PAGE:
The movement gained traction in London especially because of the presence of WikiLeaks founder Julian Assange. Some Brits, who have not been shy to share their frustrations with their economic situation during riots months earlier, echoed American sentiments that governments need to focus not just on the rich but on the little man.
Amedeo d'Amore , an iReporter, was at a demonstration near St. Paul's Cathedral, where he said there were about 1,500 to 2,000 protesters along with a few hundred police officers.
Protesters gather at the London Stock Exchange on Saturday.
"Essentially, they are very disappointed by the current economic system," he said. "From my understanding, they feel that governments have done too much to protect companies while doing very little to assist the average citizen."
iReporter Hao Li was also at the London protests and said the activists were mostly young people between 20 to 30 years old. They didn't appear to represent the overall "general population" of London or the United Kingdom. It was more politically active young people rather than those who have suffered from the financial crisis, he said.
Assange's message did echo some of the common messages from Occupy Wall Street, Li told CNN's iReport.
Wikileaks founder Julian Assange at protests in London, England.
"He did say several times that the current financial system was unsustainable (and) made a few jabs at the greed and evilness of bankers in London who caused people so much harm," Li said.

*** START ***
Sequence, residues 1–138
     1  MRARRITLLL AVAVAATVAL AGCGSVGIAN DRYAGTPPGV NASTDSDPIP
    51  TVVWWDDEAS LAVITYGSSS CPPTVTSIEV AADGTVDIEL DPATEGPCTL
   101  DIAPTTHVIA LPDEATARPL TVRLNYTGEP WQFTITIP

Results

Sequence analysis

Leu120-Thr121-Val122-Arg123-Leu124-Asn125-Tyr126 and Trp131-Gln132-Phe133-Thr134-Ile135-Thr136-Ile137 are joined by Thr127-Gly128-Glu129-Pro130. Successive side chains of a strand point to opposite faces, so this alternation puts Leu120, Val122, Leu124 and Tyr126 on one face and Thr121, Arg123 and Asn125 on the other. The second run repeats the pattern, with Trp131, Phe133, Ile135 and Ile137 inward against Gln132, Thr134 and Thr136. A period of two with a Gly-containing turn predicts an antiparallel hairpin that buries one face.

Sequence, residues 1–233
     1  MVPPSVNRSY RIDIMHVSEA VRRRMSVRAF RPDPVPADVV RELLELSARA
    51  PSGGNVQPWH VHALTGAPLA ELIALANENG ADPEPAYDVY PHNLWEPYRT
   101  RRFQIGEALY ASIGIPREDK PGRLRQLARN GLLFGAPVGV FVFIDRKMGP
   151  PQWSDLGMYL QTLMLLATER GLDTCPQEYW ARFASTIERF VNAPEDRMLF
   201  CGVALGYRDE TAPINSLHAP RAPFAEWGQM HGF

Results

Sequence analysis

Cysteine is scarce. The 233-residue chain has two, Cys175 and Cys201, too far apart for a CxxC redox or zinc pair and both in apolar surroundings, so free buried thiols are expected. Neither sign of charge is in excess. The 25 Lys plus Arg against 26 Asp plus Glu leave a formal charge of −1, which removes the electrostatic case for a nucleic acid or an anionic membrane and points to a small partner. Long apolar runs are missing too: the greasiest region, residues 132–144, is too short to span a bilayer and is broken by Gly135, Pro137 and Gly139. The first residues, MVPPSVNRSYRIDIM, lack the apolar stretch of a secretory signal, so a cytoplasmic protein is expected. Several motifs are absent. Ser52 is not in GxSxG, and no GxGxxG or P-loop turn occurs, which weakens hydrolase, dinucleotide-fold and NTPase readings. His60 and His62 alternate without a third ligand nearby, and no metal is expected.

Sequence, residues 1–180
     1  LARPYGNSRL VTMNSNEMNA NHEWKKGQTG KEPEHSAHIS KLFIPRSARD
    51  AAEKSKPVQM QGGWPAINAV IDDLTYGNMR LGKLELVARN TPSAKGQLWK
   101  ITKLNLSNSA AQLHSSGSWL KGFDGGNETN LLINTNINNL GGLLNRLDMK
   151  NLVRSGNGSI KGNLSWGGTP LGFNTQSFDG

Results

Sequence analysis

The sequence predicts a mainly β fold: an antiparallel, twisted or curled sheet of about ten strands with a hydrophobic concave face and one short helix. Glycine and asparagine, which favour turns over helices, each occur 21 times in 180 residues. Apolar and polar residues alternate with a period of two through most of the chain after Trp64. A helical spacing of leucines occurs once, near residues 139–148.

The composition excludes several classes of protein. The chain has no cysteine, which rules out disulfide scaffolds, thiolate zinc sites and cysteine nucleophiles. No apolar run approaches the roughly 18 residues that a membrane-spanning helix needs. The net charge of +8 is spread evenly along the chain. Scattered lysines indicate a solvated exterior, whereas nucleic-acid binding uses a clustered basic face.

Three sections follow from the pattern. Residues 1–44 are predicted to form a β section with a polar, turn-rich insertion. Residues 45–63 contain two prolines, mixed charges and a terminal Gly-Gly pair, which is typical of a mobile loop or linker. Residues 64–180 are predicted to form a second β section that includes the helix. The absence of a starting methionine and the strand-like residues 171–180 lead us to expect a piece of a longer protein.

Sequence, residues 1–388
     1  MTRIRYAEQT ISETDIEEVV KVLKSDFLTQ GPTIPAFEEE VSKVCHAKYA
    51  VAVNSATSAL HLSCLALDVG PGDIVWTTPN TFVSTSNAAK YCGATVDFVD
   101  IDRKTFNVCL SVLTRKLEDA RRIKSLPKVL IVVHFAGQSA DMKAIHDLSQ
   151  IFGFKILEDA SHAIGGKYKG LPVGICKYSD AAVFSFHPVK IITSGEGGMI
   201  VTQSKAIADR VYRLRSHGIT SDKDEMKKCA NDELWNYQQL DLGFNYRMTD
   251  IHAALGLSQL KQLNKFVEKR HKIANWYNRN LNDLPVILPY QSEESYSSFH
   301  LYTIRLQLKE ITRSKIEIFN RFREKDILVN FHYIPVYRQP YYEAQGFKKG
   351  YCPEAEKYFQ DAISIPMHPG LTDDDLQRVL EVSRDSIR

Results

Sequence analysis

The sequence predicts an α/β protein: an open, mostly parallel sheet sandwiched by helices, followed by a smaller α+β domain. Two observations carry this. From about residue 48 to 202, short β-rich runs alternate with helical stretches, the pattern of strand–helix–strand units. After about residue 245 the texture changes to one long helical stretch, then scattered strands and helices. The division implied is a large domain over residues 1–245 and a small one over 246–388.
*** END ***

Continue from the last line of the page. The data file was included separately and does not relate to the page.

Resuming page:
Kyle Meyr's photos showed signs portraying the banks in the UK as the real looters, referring to the summer riots. But Meyr found that like in New York, there was an apparent lack of cohesion as to what the protests centered around.
"The crowd was amazingly enthusiastic, but you could see that a good number of them were confused about what they had come out to protest. It seemed that a lot of them had mixed agendas and scattered ideas of where these protests should be going," Meyr said. "Some tried aggression and yelling, others handed out fliers, and the rest seemed to just be along for the ride.
"To be completely honest, I cannot decide on one unifying theme of the protest. Most were there to show their hatred for the government bailouts for banks, and others hated the banks themselves, but there were a few that just seemed to dislike wealthy people in general."
John Sprankle was alongside demonstrators in Paris who were showing solidarity with Occupy Wall Street.
He said that while posters seemed to indicate the economy was at the heart of the protest, he wasn't sure whether there was a solidly common theme.
"I don't see anyone offering solutions. There doesn't seem to be a unified voice," he said.